• Informal practice refers to bringing mindfulness and therefore presence and awareness to pretty much anything we do - brushing teeth, showering, eating. While informal practice also helps - it’s the formal practice where the “muscle” gets trained the most.

There’s of course other approaches and traditions in meditation - some people like to use visualisations in meditations, affirmations and so on.

How did you start meditating, what led you to this path?


If someone told me 5 years ago I’ll be doing this today, I would have probably laughed. Around 4 years ago, I fell into a depression and sought out a therapist. I did not know what to expect and I just knew something was “off”. I was truly lucky, because my therapist also was/is a trained mindfulness teacher and integrated mindfulness meditation into our sessions.

I was extremely sceptical at first, but it was integral to my healing as it taught me to connect with my body (and gain understanding that a lot of my chronic pain in the past was linked to anxiety trapped in my body) and to also befriend my mind - rather than work against it. The chronic anxiety, and my lifelong struggle with PMS on especially the emotional level led me to really dark places in my mind at times. 

The biggest lesson I learned that sounds trivial, but is really at the core of mindfulness practice, is that - our thoughts are real, but not the truth. 


This was my start - from there, I’ve participated in many courses and trainings and eventually realised, this is more than just “something” in my life, I wanted to make it my mission to bring this to other people, too. That’s why earlier this year I started MindandMonkey and I’m constantly learning, growing and deepening my practice - which - I truly believe, is a lifelong journey.

Just like everyone - I started at the beginning. With not really knowing how to sit properly, with being fidgety, stopping halfway through many times, and and and. We all go through this. And I found a lot of comfort in that - my busy mind was not my personal pathology.

Meditation can be intimidating for some people. What is your advice to anyone that has difficulty sticking to the practise and finding comfort in it?

Start where you are! Start with 1 minute, 2 minutes, 5 minutes. Start with an app, a guided meditation. For me, a recovering perfectionist - I always thought I had to start with 45 minutes of meditation, else it ain’t gonna work. But it’s pretty much like with sports - it’s better to go in small increments regularly, rather than go once a month full on. The mind/brain is a muscle, too. So take it step by step.

Additionally - I truly, truly recommend to get a mentor. It can be very confusing at first. When you start with mindfulness practice, the mind (and the autopilot) go into resistance mode. The ego gets loud. Having someone to guide you along and to normalise these experiences for you is a great way to overcome some initial hurdles.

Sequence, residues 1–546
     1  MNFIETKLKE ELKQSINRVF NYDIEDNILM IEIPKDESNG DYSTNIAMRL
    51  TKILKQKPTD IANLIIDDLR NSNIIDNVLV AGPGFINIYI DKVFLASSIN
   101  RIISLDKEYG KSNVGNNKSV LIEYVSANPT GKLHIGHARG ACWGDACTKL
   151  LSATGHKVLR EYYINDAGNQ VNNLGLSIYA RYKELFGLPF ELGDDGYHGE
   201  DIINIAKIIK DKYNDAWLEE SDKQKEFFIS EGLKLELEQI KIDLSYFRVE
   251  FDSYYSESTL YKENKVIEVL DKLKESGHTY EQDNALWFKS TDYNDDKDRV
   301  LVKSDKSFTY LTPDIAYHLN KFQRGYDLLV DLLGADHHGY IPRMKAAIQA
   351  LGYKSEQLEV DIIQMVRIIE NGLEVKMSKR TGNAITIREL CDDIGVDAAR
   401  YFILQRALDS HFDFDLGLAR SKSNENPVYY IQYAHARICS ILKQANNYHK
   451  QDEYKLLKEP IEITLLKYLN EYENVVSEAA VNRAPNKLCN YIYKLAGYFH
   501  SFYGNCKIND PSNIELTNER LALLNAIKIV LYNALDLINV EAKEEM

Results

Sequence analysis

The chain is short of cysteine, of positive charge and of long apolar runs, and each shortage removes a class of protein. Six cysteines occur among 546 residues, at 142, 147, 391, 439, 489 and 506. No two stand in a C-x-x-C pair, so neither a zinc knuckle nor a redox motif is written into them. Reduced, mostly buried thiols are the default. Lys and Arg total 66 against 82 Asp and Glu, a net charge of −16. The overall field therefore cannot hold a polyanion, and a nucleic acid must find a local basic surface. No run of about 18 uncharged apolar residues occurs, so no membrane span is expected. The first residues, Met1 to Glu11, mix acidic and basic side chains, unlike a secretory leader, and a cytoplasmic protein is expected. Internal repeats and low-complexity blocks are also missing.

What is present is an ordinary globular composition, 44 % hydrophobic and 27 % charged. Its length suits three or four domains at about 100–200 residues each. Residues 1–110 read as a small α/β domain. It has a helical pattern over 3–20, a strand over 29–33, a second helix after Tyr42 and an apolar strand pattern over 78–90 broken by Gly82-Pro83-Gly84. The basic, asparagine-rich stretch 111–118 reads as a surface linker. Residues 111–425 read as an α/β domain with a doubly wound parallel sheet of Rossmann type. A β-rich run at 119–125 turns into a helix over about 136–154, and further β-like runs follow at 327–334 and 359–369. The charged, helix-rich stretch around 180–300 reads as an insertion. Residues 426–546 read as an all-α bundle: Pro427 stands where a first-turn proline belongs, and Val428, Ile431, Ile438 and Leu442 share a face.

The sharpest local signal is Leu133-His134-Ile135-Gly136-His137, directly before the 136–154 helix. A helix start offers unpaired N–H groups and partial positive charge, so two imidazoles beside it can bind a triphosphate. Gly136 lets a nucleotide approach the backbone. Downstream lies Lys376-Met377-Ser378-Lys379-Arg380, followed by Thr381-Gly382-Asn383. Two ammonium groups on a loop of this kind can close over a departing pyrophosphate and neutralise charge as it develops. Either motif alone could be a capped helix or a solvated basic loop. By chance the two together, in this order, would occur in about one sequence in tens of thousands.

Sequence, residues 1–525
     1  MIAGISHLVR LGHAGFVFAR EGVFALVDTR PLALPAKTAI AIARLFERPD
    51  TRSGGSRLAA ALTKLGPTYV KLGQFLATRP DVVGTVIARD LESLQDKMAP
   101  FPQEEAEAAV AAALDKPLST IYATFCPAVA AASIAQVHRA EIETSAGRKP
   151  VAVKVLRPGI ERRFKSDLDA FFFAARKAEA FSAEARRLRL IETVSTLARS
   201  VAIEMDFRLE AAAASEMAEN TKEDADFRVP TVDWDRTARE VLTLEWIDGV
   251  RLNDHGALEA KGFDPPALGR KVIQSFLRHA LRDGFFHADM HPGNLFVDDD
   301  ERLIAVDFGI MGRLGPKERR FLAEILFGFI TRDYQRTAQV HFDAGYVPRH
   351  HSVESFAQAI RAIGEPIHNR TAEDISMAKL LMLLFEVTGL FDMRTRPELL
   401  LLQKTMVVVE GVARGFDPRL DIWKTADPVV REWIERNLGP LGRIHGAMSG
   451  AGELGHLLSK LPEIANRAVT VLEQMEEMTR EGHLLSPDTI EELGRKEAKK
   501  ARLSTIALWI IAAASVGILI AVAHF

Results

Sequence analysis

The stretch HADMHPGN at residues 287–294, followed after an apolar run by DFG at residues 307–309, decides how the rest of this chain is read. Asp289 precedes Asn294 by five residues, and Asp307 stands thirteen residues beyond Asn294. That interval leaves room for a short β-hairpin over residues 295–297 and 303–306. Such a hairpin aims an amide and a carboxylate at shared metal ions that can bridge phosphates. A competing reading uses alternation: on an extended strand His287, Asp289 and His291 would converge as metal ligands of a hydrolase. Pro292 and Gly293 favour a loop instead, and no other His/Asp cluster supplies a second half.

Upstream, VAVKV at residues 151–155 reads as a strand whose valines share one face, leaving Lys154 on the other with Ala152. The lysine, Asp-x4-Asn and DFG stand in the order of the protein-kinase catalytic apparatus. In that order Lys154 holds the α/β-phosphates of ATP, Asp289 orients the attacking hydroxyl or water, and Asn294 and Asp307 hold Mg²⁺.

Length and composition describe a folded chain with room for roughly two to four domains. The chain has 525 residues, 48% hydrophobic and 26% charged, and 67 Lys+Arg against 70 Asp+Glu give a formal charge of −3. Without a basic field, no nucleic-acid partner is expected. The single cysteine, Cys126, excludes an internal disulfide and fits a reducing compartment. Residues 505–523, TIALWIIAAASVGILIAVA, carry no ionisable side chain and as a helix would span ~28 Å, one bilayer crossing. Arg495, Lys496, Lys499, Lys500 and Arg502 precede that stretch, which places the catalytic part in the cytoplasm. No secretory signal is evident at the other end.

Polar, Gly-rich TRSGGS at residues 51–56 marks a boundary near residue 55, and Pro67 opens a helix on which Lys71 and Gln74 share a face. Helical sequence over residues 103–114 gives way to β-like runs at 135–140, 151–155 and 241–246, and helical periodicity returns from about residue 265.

How many times a week should people meditate and is there a best time?

The thing is - ideally, a daily practice, however long - would be a great approach. As I said above - it is way better do to 5 minutes each day, rather than 20 minutes every 3 days. I personally prefer meditating in the morning, before eating. It allows you to start you day centred and grounded. However - throughout my mindfulness journey, I also had a more “irregular” routine in terms of daytime - I would sometimes meditate in the middle of the day or the evening. Ultimately, it is about building a healthy habit - so sticking to the same time may be the best way to go about it. I want to emphasise that it’s a highly personal practice - so listen to your body and mind.

What happens if your mind starts to wander during the practise? Is it normal and can we get better at not letting it distract us?

You gently bring it back. It will happen a million times and it happens to everyone - from day one meditators to seasoned practitioners. That’s because our brains have been designed to constantly scan for danger and to constantly scan for pretty much anything. So naturally, when you sit down, make yourself be still - the mind will start running. 

This is actually one of the first exercises in the practice of mindfulness meditation - learning to observe when you wonder off and learning to bring yourself back by bringing awareness to the physical sensation of being (our breath, for instance). This is traditionally done through body scans - guided meditations that teach us to bring awareness to our bodies, and to constantly keep coming back anytime our mind finds something more interesting to do. It’s all about unlearning the autopilot.